No one has yet figured out how a growing number of Somali young men from Minneapolis are ending up as suicide bombers in Somalia, but Laura Yuen’s excellent story this morning on Farah Mohamed Beledi certainly makes it clear that his path in particular is more of a mystery because his closest family members were no longer in his life long before he went to Somalia.
Whether that was by design or merely the confluence of events is unclear.
From accounts, he was a troubled kid who ran with gangs and then got sent away to prison.
This paragraph in reporter Yuen’s story tells a significant tale:
Court records show Beledi pleaded guilty in 2007 to stabbing a man in the neck and his side during a soccer game at Central High School in St. Paul. Family members say he was locked up for about two years. No one from the family visited him in prison, his mother said. By that time, their relationships with him were already strained.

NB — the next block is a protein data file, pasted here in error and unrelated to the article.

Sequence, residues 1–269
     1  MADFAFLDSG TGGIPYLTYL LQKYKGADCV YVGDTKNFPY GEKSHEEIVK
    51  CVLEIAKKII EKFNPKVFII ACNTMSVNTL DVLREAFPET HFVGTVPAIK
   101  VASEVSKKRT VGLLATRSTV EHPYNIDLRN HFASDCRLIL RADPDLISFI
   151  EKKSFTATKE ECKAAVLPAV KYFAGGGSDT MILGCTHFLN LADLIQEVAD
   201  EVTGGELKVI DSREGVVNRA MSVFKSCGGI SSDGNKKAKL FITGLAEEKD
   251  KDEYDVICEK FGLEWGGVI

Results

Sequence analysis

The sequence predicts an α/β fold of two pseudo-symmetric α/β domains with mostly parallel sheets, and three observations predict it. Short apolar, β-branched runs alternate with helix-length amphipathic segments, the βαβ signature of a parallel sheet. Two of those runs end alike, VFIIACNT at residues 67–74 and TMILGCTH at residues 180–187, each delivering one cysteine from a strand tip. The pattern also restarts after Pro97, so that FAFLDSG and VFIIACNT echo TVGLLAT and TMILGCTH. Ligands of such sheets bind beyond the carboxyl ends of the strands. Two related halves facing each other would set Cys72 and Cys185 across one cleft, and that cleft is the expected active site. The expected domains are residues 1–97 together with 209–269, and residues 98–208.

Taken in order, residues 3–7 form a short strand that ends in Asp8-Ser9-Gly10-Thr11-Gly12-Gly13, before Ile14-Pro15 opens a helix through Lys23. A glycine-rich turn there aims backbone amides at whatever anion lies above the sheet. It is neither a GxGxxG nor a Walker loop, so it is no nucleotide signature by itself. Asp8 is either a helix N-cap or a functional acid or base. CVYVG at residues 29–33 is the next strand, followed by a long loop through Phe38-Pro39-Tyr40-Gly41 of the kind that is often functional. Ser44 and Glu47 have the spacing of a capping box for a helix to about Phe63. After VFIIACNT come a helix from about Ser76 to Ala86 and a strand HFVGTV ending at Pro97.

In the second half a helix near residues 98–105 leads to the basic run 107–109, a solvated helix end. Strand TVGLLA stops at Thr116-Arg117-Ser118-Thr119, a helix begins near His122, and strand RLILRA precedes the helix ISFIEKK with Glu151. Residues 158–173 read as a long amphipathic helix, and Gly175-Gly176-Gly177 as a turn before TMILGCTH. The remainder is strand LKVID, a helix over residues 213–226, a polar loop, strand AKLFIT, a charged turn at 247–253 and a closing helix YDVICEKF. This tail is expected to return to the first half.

But when he got out of prison, his appearance at a mosque in Minneapolis seemed to suggest he had changed, possibly for the better…
Farah Beledi also started counseling troubled youth as an outreach worker in the Somali-American community. He met young men at the Somali malls, using his own record of bad choices and hard time as an example. One community member said Farah Beledi was effective in his message because he had the street cred to back up his cautionary tales.
And yet, the family and the young man did not communicate, the story says:
Abdulahi Beledi said the last time he saw his little brother was seven years ago. And their mother says it’s been at least three years since she’s spoken to Farah Beledi. Once Farah Beledi turned 18, the family doesn’t know where he lived or what crowd he hung out with. Farah Beledi never knew his father, who died when he was a baby.
The FBI clearly believes someone is “radicalizing” the Somali men, someone with obvious influence in their lives.
It would be interesting to go back over the lives of the other men who’ve disappeared to see if there’s also a pattern of “strained” relationships at home.